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The VF1 is about as large and chunky as can reasonably be expected to fit into
the confines of a pair of expansion slots. When installed, it covers almost
the full height of the graphics card and about half of the length. Like most
aftermarket coolers, it occupies the expansion slot directly below the graphics
card, effectively converting the card into a double-slot card if it was
Most of the fins are enclosed in a tunnel that directs airflow from one end
to the other.
The body of the heatsink is made of 48 aluminum fins that sit directly over
the base of the heatsink. Two heatpipes that extend from the copper base help
distribute heat evenly across the fins. The heatsink is fairly unremarkable
for a heatpipe cooler, with one exception: About three quarters of the top surface
is sealed to make a "tunnel" for the airflow. Airflow is intended
to begin from one end of the heatsink (corresponding with the top edge of the
graphics card), and flow lengthwise through the heatsink until it is
exhausted at the other end near the motherboard. The exhaust end of the heatsink
is open, allowing the airflow to find an easy exhaust path and reducing the
amount of impedance introduced by the second heatpipe.
A major difference between the VF1 and many other video card coolers is that there is no recess to accommodate a fan in the midst of its fins. This means that the total cooling surface area of the fins is not reduced by the fan recess. In this regard, it resembles the various Silencer cooler models from Arctic Cooling, which also use a tunnel through the fins, and a fan a more conventional one perched outside the fins area.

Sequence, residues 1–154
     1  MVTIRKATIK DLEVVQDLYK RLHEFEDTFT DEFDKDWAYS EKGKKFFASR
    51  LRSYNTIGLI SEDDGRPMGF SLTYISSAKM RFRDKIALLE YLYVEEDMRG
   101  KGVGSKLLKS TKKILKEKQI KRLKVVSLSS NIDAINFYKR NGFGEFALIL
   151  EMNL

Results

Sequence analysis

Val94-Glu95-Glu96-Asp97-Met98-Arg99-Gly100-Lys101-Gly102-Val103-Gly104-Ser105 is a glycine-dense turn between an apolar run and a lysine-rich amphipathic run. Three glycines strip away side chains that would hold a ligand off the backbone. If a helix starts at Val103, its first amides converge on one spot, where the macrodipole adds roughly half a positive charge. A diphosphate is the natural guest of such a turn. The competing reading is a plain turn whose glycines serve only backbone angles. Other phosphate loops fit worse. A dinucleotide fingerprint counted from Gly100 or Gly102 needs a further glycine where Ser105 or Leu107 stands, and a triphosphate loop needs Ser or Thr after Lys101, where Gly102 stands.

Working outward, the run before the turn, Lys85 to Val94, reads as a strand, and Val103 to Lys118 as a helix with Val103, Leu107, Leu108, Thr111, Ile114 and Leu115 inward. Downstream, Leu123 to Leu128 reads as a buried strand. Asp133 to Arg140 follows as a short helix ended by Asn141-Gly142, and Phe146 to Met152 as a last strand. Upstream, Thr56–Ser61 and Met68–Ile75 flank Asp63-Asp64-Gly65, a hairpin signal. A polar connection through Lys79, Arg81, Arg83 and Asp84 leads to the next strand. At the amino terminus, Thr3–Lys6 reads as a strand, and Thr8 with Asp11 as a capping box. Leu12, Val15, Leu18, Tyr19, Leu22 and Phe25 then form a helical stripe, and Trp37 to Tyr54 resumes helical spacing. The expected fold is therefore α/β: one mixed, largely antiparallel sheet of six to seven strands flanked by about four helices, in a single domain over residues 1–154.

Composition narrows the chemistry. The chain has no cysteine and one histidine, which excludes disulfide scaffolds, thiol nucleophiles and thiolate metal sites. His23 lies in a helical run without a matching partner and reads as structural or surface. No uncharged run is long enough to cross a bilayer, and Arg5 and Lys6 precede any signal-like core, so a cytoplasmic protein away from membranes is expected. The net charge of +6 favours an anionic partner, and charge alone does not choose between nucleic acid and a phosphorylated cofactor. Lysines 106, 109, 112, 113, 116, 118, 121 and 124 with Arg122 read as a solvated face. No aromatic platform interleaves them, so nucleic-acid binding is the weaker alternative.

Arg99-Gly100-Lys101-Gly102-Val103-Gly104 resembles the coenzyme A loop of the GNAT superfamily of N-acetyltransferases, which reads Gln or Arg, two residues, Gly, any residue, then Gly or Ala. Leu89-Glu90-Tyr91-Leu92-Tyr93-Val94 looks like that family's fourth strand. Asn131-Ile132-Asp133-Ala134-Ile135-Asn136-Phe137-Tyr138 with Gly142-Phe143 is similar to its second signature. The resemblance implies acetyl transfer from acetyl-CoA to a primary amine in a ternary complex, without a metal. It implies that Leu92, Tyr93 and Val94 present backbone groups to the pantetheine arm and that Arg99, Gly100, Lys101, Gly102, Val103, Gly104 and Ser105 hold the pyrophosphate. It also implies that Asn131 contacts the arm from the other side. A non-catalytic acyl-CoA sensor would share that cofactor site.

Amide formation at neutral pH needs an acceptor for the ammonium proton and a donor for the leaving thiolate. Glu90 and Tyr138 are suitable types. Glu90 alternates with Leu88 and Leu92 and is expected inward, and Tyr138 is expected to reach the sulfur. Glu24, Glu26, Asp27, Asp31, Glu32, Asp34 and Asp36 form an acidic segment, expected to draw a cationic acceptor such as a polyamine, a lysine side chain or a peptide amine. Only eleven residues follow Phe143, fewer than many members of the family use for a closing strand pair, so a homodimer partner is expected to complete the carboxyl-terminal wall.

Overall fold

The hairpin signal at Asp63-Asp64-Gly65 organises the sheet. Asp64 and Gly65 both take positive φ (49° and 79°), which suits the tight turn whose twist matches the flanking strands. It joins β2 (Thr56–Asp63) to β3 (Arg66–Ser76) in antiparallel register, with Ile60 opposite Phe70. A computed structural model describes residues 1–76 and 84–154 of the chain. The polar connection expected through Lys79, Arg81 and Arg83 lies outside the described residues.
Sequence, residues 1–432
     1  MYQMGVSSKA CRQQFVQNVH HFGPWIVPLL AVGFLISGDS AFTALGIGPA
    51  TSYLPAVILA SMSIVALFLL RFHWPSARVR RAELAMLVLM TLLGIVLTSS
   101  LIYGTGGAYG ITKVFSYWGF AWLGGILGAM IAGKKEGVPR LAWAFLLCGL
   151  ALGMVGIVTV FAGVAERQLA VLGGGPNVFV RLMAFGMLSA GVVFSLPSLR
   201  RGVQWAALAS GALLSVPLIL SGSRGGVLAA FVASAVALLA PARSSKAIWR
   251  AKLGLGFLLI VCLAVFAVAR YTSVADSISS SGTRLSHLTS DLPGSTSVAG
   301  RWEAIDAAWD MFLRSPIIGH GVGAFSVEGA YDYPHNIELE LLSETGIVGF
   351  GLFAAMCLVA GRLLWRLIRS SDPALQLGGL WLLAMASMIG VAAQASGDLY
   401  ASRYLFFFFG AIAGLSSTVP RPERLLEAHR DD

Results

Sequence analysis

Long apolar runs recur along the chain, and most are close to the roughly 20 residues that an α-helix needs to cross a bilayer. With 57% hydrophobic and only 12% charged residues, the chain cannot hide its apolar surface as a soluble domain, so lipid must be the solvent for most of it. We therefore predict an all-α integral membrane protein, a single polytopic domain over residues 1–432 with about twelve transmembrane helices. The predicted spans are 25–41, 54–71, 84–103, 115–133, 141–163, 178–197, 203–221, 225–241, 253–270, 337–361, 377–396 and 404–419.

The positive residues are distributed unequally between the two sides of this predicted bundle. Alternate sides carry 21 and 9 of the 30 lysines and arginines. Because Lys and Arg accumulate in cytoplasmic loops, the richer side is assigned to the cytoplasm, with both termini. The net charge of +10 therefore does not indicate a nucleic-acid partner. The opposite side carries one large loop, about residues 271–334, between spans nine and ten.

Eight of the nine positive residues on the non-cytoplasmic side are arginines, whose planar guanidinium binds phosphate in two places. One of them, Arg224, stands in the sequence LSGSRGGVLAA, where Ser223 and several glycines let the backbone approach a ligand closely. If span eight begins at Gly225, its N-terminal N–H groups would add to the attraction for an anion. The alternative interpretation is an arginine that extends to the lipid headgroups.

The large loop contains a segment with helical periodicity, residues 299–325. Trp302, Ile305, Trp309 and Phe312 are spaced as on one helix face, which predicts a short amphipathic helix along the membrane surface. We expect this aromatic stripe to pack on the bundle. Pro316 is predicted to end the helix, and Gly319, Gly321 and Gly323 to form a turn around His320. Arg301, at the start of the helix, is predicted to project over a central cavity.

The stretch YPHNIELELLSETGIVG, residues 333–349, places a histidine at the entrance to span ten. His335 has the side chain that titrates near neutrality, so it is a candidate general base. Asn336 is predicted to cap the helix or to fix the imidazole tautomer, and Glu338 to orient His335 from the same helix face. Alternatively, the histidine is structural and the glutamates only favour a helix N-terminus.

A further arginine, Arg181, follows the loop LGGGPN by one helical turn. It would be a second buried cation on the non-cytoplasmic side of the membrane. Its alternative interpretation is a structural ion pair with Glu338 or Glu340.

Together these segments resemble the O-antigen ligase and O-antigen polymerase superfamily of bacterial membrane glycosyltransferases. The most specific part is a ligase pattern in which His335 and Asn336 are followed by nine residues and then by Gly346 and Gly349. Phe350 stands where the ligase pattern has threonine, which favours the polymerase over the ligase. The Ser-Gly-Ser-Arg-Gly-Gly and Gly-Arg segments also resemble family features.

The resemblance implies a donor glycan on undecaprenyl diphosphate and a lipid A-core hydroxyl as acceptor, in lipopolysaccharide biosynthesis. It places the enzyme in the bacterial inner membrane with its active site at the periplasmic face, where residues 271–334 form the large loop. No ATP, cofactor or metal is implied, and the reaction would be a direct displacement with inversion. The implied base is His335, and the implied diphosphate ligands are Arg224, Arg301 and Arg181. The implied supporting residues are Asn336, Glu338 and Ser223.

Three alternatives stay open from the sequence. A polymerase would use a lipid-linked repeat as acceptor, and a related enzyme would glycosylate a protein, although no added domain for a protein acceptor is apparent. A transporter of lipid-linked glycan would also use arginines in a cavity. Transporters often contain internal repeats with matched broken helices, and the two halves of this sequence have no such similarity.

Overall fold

Two heatpipes transfer heat from the copper base to the fins.
Inside the tunnel, the fins are spaced about 2mm apart wide enough that
it can be expected to do fairly well with low airflow. Given the reputation
of cross-flow fans for generating high air pressure, the fan may be able
to run at low speed while still providing plenty of airflow.
Fin spacing is quite wide for such a small heatsink.
The machined copper base is small, but big enough to the GPU die and
the secondary chip on our test card. It did not appear to be as smooth as some
heatsinks, but it was perfectly flat, and it should have no problems maintaining
good contact with the GPU.
The copper base is quite small.
As the VF1 only covers the GPU die, eight tiny ramsinks are included to cool
the memory, but beware they are only included with the "Plus"
package. It's not clear how much this matters. Conventional DDR and DDR2 RAM
chips are perfectly happy without heatsinks, and it's hard to believe that GDDR3
should be any different. We know of at least one heatsink manufacturer (Aerocool) that
claims they are unnecessary.
The ramsinks are anodized to a gold color.
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